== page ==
Jonuel: What are common traps for aspiring writers?
Meg: I believe that when writers start out, myself included, we focus too much on the deconstruction of writing rather than the construction. For much too long I would write a sentence and then delete it, over and over, certain I could craft a better string of words. It was not until I saw my lack of progress over the course of years that I could see this hyper-editing as the death it can truly be. I finally let myself write without trying to edit and fix along the way, and this has led to my success.
Also, I would say another pitfall would be the rejection of any well-meaning criticism. Just as in any profession, we all need to hear and process the comments of others in order to grow and learn. My publisher pointed out to me a certain repetitive trait I have in my work. I was so close to my writing I had never noticed it before and since then I’ve been able to be cognizant of this, and switch up my sentence structures. It is hard to take in critiques, and there will be undoubtedly moments an aspiring writer, or even a seasoned one, will get their feelings hurt. But, I implore all writers to be open to change. Yes, writing is an art, and you as the author should have the ultimate say in your work, but don’t let that prevent you from hearing others. My willingness to alter my course at times and be open has helped me along the way.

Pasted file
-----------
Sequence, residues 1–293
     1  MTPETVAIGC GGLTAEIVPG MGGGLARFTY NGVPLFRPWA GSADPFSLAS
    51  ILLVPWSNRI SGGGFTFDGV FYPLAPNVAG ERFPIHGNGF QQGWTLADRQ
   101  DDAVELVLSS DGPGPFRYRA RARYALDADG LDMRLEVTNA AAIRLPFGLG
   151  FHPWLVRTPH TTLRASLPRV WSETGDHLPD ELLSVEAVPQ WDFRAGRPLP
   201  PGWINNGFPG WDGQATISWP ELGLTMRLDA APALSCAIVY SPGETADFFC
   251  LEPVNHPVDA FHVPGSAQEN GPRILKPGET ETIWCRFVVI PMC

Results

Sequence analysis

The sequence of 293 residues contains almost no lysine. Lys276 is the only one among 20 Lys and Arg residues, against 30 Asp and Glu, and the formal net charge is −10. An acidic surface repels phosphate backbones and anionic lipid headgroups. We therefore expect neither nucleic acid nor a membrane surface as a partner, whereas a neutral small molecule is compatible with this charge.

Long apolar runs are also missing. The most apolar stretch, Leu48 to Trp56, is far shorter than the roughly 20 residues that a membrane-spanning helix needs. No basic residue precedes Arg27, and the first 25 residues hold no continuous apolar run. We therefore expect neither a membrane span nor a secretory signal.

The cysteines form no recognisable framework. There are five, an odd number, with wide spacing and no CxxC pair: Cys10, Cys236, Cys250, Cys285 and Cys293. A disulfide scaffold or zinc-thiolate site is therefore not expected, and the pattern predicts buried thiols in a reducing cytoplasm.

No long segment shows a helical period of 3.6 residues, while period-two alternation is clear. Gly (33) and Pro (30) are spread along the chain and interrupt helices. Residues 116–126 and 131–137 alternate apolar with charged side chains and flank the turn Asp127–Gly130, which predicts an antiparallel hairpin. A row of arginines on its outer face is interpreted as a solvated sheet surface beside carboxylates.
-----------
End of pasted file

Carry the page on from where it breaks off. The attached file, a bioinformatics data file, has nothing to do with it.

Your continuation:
Jonuel: Do you want each Book to stand on its own, or are you trying to build a body of work with connections between each book?